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In this DIY and How-To video, we’ll show the procedure for replacing the rear trailing arm bushings (RTABs) on the E36 and E46 3-series as well as the E85 & E86 Z4 and the E83 X3. We’ll remove the old bushings and show the installation steps for stock replacement bushings, Urethane upgrade bushings and the Ultimate bearing-type bushings.

The applicable Bentley repair manual will detail the specific procedures and torque values for your given BMW model.

PARTS USED:
• Various versions of replacement and upgrade RTABs:
http://www.bavauto.com/se1.asp?dept_id=458

TOOLS USED:
* Paint Pen Marker:
http://www.bavauto.com/fland.asp?part=app
* Trailing arm bushing press tool
http://www.bavauto.com/fland.asp?part=100.71.536.0001
* Floor jack & jack-stands
* 1/4″ drive metric socket and ratchet set (10mm specifically)
• 1/2″ drive metric socket and ratchet set
• open-end metric wrench set
• Various pry-bars

On the BMW models noted in this article, the rear suspension hub assembly is incorporated into a larger cast iron suspension assembly that we just call the rear trailing arm. The trailing arm is attached to the vehicle chassis and articulated via two lateral control arms (upper and lower) and a forward longitudinal pivot point at the front of the trailing arm. As with all of the connection points for the control arms (to the trailing arm and the chassis), the forward pivot point uses a large bushing for attachment to the chassis as well as allowance for articulation. As the wheel moves up and down during suspension movement, the forward trailing arm bushing becomes the pivot point. Additionally, the forward trailing arm bushing is performing the task of locating the rear wheel longitudinally and through this, also absorbs the majority of the torque loads that are transmitted from the tire’s contact with the pavement and ultimately into the chassis. In other words, the bushing is the contact point for the positive loading under acceleration and the negative loading during braking, keeping the wheel in place on the vehicle.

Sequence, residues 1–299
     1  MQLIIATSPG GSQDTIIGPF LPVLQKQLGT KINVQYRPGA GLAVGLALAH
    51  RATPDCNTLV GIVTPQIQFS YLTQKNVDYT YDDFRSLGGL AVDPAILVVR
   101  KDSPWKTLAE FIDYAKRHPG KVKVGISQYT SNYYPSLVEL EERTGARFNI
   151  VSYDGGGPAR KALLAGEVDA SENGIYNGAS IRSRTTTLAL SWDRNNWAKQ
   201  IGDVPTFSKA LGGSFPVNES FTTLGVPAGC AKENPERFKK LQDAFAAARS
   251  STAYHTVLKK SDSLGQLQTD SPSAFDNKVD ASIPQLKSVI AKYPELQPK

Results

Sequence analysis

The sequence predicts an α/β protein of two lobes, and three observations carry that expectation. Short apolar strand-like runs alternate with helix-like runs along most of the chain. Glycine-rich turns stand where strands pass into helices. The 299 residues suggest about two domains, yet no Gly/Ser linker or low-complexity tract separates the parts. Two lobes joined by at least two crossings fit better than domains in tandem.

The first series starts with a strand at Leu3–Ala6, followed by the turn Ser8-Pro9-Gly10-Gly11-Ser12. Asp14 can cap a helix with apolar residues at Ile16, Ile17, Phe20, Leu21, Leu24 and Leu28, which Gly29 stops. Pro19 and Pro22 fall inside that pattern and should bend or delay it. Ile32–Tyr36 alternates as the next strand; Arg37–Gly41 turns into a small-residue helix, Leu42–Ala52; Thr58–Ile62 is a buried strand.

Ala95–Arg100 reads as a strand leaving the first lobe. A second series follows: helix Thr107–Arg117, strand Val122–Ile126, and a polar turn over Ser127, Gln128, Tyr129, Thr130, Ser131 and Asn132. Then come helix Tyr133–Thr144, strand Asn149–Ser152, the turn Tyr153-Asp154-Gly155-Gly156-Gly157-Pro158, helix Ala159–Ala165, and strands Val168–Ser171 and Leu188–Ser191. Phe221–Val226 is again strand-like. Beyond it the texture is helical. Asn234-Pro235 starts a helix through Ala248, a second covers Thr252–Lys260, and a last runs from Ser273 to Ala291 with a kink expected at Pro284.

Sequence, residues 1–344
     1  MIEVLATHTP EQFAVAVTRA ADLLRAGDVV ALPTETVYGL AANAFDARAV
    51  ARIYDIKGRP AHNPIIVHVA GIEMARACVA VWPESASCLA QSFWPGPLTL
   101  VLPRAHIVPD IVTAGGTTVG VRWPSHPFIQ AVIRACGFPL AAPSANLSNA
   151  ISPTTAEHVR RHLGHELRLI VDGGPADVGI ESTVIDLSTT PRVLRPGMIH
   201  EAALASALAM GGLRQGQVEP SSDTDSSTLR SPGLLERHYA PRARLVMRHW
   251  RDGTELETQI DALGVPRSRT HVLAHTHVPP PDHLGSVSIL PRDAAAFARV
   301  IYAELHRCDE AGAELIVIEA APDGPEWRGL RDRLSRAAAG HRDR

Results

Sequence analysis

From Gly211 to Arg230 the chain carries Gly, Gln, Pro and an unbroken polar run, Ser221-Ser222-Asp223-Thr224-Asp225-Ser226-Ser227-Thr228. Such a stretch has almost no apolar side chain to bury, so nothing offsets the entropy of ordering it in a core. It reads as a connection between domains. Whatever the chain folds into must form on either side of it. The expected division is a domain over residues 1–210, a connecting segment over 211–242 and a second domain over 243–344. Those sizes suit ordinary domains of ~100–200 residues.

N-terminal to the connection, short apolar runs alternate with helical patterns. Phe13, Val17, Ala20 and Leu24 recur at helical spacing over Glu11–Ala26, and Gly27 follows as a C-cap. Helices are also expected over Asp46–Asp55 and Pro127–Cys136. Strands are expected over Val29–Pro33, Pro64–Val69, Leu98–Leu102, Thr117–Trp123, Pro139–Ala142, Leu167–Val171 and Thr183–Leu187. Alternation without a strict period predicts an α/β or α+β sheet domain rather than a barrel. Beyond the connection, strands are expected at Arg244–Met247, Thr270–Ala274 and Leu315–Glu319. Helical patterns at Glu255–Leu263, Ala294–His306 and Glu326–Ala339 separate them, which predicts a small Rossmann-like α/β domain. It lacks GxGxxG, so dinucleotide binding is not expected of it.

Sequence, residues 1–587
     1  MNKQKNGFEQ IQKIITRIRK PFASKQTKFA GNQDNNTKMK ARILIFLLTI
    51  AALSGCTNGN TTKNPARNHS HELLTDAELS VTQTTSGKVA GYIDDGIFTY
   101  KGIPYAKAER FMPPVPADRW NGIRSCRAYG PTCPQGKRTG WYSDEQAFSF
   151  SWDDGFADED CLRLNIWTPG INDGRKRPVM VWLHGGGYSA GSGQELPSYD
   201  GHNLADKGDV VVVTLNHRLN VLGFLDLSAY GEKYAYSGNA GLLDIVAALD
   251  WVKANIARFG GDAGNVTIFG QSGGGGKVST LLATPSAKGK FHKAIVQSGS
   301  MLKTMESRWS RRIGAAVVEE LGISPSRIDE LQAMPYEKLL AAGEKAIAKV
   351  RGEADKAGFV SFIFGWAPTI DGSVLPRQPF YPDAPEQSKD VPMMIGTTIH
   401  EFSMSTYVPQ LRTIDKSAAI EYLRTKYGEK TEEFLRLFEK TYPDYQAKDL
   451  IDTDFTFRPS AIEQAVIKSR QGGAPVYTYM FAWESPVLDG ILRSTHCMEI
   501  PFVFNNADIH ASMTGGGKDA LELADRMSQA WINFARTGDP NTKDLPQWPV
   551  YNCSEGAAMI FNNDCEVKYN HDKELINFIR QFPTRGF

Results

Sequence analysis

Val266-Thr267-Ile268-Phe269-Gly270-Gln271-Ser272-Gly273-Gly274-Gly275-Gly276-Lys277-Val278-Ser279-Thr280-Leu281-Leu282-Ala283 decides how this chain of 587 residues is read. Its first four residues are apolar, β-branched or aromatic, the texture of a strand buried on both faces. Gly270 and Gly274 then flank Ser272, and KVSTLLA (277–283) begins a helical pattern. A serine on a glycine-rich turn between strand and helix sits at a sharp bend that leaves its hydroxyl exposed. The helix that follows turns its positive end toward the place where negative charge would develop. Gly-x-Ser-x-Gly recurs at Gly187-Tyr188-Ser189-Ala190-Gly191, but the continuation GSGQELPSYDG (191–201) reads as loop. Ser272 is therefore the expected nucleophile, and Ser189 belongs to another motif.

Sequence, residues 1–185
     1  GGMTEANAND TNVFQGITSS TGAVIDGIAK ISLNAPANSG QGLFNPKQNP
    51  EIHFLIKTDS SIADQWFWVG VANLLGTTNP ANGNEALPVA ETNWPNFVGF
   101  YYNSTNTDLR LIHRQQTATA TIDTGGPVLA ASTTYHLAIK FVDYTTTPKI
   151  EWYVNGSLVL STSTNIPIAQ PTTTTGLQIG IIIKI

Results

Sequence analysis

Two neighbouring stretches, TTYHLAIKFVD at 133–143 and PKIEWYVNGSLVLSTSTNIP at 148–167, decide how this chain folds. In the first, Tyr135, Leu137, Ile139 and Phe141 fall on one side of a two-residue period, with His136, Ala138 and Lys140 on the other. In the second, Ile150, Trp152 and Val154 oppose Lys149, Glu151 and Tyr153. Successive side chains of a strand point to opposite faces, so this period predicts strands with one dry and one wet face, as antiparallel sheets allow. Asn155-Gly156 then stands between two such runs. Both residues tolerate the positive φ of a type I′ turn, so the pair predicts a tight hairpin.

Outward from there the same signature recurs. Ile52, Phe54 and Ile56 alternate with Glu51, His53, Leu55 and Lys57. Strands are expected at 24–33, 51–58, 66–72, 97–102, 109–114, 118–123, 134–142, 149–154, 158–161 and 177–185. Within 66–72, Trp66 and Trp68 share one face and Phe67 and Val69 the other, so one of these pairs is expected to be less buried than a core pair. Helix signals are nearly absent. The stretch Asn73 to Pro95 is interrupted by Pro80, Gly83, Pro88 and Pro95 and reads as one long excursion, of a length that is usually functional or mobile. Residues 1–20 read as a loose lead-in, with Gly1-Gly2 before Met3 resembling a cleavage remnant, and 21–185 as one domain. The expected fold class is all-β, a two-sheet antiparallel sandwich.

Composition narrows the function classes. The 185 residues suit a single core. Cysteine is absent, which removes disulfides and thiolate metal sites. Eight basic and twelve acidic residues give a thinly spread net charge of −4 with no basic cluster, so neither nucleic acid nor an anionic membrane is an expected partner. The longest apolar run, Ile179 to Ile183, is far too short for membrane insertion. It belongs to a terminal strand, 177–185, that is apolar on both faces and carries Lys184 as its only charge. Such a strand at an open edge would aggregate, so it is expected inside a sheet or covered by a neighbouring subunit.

With the above points noted, the Rear Trailing Arm Bushing (RTAB) is a highly stressed suspension component. As the RTABs age, the vehicle will feel less secure on the road. The rear of the vehicle can move around as the torque loads of acceleration and braking act on the bushings, effectively steering the vehicle from the rear. As the bushings continue to age, a clunking can be experienced as the vehicle goes over bumps or transitions between braking and acceleration. Note that these symptoms can be present, yet a visual inspection of the bushings may not show any apparent problems. The bushings are simply too soft at this point.

In replacing the RTABs, we have various options on the replacement parts:

* Stock replacement – These bushings are available as either genuine BMW or various other quality aftermarket manufacturers.

* Urethane upgrade – Installing urethane RTABs will provide a tighter control of the trailing arm. Not only will the rear suspension feel more “planted” in spirited driving, the steering inputs will feel more direct and will transitions between braking and acceleration.

* Ultimate RTAB upgrade – The Ultimate trailing arm bushings provide all of the benefits of the urethane upgrade bushings along with full articulated spherical bearing action, while still damping vibrations through the chassis. The Ultimate RTAB uses an fully articulated suspension bearing installed in a billet housing. This design eliminates all flex yet provides 100% articulation of the trailing arm.

Follow along with our DIY video as we discuss the different bushings and show how to remove the old bushing and install the three different types of new RTABs.